If you see a guy walking around town with a mournful look on his face, mumbling about "Ryan Smyth wheeling to centre" and "Ty Conklin's Herculean save," don't be alarmed - it's only Rod Phillips going cold turkey in a Cold War. After 32 straight winters in the booth, describing virtually every goal, save and fight in Edmonton Oilers' history, the Hall of Fame broadcaster finds himself with nothing to call and nowhere to call it.
"In my worst nightmares I never thought it would go this far,'' said the only radio voice the NHL Oilers have ever known.
"But it's one of those things that you don't have any control over. There's nothing people like us can do but wait it out.''
Nothing but a stubborn staredown that makes the NHL the first league in North America to cancel an entire season because of a labour dispute. Needless to say, his first winter off since 1972 is a shock to his 63-year-old system.
"You try to keep busy with things around the house and I go into the office a couple of times a week and check on everybody there, but it's frustrating.
THAT'S THE ROUTINE
"You wake up first thing in the morning and catch the first sportscast to find out if anything is going on or happened overnight, and you watch the last television sports cast before you go to bed. That's the routine. Get up, work out and look for something good to come out of the east - and nothing good ever comes out of the east.''
Phillips attends most Road Runner home games, but it's no substitute for getting behind the mic and doing what he's done as well as anyone in the business for three decades - especially when it's what he loves doing.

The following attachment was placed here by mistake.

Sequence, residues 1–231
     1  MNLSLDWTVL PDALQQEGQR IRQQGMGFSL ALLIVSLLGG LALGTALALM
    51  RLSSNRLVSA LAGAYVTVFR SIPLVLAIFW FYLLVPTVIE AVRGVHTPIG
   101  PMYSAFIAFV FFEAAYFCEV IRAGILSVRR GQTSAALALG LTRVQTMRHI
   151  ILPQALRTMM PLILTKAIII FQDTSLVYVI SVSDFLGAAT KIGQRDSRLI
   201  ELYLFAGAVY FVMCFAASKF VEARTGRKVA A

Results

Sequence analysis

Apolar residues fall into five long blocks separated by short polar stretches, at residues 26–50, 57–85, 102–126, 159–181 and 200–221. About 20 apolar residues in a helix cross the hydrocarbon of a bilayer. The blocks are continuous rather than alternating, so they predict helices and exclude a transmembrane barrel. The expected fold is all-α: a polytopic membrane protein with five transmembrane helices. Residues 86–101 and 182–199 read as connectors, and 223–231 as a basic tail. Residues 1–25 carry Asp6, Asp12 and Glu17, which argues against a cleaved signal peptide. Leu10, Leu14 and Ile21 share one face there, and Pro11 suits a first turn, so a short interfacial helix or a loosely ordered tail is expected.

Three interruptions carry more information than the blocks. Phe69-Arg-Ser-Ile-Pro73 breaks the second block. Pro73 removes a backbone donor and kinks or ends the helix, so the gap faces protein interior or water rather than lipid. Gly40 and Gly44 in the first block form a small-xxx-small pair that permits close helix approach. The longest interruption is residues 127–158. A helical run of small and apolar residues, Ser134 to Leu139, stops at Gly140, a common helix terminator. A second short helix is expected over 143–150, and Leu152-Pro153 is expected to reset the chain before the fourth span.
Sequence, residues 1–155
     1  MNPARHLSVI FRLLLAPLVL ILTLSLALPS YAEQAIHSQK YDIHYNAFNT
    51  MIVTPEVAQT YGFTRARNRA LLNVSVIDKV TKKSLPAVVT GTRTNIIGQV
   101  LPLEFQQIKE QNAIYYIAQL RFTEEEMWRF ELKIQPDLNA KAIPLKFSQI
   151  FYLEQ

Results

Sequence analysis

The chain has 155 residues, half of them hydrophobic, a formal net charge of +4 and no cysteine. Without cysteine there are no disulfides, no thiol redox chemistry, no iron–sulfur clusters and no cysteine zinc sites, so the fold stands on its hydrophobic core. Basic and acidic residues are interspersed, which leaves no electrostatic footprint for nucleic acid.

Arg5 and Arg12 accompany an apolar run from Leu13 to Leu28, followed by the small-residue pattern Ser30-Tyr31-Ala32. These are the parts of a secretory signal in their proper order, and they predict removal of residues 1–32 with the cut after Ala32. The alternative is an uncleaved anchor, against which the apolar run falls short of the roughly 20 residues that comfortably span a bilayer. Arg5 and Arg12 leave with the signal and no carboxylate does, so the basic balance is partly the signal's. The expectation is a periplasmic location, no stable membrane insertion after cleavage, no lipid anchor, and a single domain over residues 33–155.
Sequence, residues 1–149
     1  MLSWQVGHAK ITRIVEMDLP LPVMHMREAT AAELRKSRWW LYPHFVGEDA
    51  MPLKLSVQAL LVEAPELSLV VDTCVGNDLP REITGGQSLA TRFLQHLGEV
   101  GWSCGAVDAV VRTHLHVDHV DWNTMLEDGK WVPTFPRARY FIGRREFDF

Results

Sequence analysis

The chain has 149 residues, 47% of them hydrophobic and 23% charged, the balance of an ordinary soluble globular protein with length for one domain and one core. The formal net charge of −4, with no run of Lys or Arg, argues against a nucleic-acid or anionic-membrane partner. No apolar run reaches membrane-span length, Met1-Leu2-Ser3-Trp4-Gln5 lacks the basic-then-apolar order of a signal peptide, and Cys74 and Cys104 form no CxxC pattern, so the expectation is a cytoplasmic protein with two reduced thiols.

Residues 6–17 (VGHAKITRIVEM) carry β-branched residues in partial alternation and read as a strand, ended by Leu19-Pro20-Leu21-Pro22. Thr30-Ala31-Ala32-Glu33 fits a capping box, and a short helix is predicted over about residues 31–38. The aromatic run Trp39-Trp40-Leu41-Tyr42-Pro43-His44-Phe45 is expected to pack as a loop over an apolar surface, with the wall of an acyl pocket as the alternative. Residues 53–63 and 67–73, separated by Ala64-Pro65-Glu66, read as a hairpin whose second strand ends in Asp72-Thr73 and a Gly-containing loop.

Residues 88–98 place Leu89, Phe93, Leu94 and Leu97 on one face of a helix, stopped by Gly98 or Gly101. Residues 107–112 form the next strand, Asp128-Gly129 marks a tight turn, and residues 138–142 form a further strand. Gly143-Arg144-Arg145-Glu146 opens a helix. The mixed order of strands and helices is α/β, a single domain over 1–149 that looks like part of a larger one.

"I want to see hockey and I want to watch the kids in the Oilers organization play,'' he said. "That's helped a little bit, but the bottom line is I'm not going to work every day, and that's just not a good feeling.''
If this happened 10 years ago he could hang around the house and play with his kids, but they've long since flown the coop: six-foot-five son Devin is on the UNLV swim team and his daughter Quinn works at Global Sports in Lethbridge.
BACK IN THE BOOTH
"They're doing great,'' he said. "It's just the old man who hasn't got a job to go to.''
No matter how long the stoppage lasts, Phillips will be back in the booth when it's over. But it breaks his heart that players he watched break in as rookies might never get their final tour.
"To see guys like Mess and Stevie Yzerman not be able to finish, to have their careers end because of a lockout would be so sad,'' he said.
"That's not how it should finish for them. They've been great players and meant so much to the game; for them not to get an opportunity to take a last bow just isn't fair.
"It's frustrating and it's heartbreaking in so many ways. The game itself is taking an absolutely unmerciful pounding. It's really very, very scary. You don't read or hear anything positive about the game of hockey and you haven't since last September.''
And he fears you might not until at least this time next year.
"I've heard the Players' Association say it could go to at least January of next year. To me that is absolutely frightening. Eventually it's going to get settled, but I pray that it doesn't take till next January.''
It can't take that long because he's running out of recipes.
"My wife comes home from work every day and dinner is ready and the house is clean,'' he said. "It keeps me busy doing that sort of stuff ... but enough is enough. I wasn't meant to be a cook.''